Now refresh the page. From anywhere on this site you can now get to the Hello World View. The method we used here took 3 arguments. The first is the text which appears for the link, the second is the name of the view, and the third is the name of the controller. The following is our final product. We have the Hello World page as well as a nice link to it.


Enjoy creating simple MVC Views!

Accessing Controls inside of Templated Controls

One question that seems to come up often in the forums is from people who are trying to access controls within controls using templates. LoginViews and CreateUserWizard controls are two commonly used templated controls. These templated controls don't actually have their contents known until run-time because it is dependant on something else; data from a database, user permissions, etc.

Since this information is not known you can't just access the inner controls as you would normal controls, because it is not known until run-time what the controls are. You will get compiler errors if you try to access them. The easiest way to get the controls you need is to use a recursive find control function. Steve Smith has blogged about Using a Recursive Find Control as well as about a very important Code Optimization for using a recursive find control.

The cool thing about the recursive find control is that it will dig down into the controls collection of a control you specify looking for the control you are looking for. It is great for templated controls, because it is a lot neater than trying to statically go after it like this.

Bad Code Do Not Use This

Label Label1 = LoginView1.Controls[2].Controls[2].Controls[1].Controls[3].FindControl("Label1") as Label;

The problem with the above code is that if you move anything you'll break the code. It is not very stable, and is even hard to tell what is being done. Do not worry there is a better way of handling this. A recursive find control is an expensive operation, and this is why Steve's code optimization is important. You don't want to execute the find control more times than needed.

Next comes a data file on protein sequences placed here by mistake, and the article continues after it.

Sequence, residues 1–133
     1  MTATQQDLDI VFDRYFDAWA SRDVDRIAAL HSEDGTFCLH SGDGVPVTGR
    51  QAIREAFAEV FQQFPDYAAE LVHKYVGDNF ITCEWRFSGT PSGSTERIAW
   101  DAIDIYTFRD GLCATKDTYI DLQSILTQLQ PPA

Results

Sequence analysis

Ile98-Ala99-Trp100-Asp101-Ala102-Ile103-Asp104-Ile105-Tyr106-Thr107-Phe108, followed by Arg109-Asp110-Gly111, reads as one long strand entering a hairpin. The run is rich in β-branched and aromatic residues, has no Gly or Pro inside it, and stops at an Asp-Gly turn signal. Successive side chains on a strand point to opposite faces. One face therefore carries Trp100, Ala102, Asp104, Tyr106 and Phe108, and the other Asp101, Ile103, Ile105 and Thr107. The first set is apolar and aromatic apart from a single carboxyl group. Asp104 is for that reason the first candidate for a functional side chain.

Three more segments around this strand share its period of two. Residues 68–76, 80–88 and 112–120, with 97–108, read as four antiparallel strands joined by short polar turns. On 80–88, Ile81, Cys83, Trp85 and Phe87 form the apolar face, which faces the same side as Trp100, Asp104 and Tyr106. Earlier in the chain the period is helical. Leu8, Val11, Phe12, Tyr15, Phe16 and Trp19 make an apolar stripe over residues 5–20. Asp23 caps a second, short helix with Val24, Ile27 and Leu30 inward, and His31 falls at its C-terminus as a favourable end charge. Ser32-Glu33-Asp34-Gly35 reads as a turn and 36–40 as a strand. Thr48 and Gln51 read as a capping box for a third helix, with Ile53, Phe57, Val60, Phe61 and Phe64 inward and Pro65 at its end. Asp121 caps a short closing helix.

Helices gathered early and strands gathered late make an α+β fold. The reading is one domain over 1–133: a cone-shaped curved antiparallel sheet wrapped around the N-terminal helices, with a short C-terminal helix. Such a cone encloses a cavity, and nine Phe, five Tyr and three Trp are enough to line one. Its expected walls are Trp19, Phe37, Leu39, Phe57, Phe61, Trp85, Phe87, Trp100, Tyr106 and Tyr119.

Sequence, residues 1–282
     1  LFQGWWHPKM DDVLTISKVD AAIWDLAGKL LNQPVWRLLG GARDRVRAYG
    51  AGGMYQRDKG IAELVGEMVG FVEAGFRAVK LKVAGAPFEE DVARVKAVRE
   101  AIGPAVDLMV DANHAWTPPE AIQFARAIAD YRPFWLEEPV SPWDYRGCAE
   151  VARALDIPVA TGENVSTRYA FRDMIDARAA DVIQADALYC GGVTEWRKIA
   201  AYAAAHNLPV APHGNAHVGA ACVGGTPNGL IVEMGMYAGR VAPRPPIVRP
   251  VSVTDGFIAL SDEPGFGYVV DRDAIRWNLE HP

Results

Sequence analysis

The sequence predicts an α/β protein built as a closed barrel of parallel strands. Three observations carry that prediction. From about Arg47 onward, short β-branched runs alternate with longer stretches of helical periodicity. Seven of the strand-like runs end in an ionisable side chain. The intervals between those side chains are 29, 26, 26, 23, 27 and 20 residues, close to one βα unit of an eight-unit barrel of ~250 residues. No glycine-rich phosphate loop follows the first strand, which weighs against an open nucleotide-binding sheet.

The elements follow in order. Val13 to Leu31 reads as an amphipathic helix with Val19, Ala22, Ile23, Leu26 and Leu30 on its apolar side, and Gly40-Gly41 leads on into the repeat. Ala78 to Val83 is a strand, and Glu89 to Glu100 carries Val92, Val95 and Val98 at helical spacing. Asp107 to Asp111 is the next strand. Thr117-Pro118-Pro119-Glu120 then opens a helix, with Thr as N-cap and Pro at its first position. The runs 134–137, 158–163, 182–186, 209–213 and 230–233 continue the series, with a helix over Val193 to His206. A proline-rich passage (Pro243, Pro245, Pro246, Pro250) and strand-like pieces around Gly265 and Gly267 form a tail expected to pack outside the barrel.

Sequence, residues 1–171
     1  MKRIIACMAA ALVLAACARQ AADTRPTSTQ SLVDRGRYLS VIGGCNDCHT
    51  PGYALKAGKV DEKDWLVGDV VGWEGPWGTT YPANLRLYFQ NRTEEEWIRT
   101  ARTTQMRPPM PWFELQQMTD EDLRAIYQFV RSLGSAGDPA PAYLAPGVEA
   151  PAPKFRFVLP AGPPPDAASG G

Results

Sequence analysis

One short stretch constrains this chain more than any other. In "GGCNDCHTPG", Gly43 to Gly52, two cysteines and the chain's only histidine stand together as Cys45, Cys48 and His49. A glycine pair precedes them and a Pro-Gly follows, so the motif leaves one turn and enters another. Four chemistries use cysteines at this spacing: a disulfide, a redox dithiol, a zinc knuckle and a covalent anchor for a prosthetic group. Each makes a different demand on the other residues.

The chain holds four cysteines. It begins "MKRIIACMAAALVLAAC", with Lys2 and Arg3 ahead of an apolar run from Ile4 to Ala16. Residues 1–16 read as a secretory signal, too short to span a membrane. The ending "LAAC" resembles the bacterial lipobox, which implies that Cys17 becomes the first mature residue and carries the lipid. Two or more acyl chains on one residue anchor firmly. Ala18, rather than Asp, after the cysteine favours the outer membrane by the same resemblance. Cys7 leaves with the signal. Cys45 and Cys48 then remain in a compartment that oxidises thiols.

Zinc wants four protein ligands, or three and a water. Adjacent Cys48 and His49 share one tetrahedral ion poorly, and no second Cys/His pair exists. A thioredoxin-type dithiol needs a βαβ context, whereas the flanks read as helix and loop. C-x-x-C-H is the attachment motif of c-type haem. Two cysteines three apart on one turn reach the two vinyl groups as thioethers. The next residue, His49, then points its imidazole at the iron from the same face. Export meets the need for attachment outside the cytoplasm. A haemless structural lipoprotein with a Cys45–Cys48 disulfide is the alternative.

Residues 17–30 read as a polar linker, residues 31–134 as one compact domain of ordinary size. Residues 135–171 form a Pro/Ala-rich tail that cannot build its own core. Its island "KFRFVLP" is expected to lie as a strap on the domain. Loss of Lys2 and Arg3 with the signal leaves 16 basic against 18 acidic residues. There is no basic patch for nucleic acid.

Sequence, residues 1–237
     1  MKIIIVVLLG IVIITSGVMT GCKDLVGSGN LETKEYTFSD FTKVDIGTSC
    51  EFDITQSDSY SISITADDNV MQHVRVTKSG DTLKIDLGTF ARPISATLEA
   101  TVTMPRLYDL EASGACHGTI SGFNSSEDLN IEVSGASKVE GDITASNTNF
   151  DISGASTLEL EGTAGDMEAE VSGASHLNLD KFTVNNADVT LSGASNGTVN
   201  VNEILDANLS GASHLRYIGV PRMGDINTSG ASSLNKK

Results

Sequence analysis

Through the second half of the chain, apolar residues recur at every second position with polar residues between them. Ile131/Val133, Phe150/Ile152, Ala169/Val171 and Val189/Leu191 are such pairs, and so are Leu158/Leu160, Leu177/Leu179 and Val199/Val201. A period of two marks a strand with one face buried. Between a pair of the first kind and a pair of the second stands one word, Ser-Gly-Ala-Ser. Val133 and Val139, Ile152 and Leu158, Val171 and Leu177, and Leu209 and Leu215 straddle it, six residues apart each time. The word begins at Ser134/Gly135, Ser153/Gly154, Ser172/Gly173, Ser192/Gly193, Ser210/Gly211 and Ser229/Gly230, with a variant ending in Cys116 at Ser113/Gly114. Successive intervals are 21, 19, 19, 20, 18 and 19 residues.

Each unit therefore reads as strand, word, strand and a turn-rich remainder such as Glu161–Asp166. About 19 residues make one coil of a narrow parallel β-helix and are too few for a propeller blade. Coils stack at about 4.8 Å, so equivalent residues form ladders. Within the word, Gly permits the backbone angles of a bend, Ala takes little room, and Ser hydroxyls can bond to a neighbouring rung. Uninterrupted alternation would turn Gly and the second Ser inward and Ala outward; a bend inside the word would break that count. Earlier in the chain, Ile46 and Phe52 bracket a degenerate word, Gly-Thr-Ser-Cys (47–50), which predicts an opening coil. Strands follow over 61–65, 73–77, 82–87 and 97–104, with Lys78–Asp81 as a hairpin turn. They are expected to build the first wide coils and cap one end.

Good Code Use This

public static System.Web.UI.Control FindControl(System.Web.UI.Control start, string id)
    System.Web.UI.Control foundControl;
    if (start != null)
        foundControl = start.FindControl(id);
        if (foundControl != null)
            return foundControl;
        foreach (Control c in start.Controls)
            foundControl = FindControl(c, id);
            if (foundControl != null)
            return foundControl;
    return null;

The above code will find controls nested within templated controls for you. This code will probably go in one of your class libraries where you keep utility functions. When you're calling this function, I would recommend you call it within a property as in Steve's optimization. The following code shows how you would do the previous example in a better way.

Good Code Use This

private Label _label1 = null;
private Label Label1
        if (_label1 == null)
            _label1 = Utilities.FindControl(LoginView1, "Label1") as Label;
        return _label1 ;

This allows you to access the control as you normally would try. You can just type in the name of the property and it will let you use it as if it were the control and there were no templated control there at all. Makes working with LoginViews and CreateUserWizard controls.

Repeating templated controls such as the GridView can also benefit from this functionality, but you need to be more careful with them because there is a control with the name you're looking for in each row of the repeating control. Make sure when using this there that you get the correct row first, and only search within that row.

Have fun finding your controls.